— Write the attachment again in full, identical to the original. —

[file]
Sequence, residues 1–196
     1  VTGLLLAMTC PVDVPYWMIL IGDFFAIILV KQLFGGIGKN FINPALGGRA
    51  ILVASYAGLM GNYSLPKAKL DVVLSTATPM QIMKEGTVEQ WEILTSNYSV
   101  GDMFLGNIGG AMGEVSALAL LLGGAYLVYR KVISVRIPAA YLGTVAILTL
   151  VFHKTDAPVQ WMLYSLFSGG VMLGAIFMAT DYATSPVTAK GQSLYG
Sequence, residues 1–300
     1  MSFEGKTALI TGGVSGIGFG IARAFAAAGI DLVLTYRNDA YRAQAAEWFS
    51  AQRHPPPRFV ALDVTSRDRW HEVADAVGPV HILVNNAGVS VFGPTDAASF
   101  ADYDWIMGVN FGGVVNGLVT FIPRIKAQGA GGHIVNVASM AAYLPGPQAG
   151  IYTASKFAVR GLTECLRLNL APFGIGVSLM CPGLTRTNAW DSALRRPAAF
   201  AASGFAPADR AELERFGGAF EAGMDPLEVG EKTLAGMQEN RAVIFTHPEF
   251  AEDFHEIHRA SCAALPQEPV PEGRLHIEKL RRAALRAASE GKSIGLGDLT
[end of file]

Sequence, residues 1–196
     1  VTGLLLAMTC PVDVPYWMIL IGDFFAIILV KQLFGGIGKN FINPALGGRA
    51  ILVASYAGLM GNYSLPKAKL DVVLSTATPM QIMKEGTVEQ WEILTSNYSV
   101  GDMFLGNIGG AMGEVSALAL LLGGAYLVYR KVISVRIPAA YLGTVAILTL
   151  VFHKTDAPVQ WMLYSLFSGG VMLGAIFMAT DYATSPVTAK GQSLYG
Sequence, residues 1–300
     1  MSFEGKTALI TGGVSGIGFG IARAFAAAGI DLVLTYRNDA YRAQAAEWFS
    51  AQRHPPPRFV ALDVTSRDRW HEVADAVGPV HILVNNAGVS VFGPTDAASF
   101  ADYDWIMGVN FGGVVNGLVT FIPRIKAQGA GGHIVNVASM AAYLPGPQAG
   151  IYTASKFAVR GLTECLRLNL APFGIGVSLM CPGLTRTNAW DSALRRPAAF
   201  AASGFAPADR AELERFGGAF EAGMDPLEVG EKTLAGMQEN RAVIFTHPEF
   251  AEDFHEIHRA SCAALPQEPV PEGRLHIEKL RRAALRAASE GKSIGLGDLT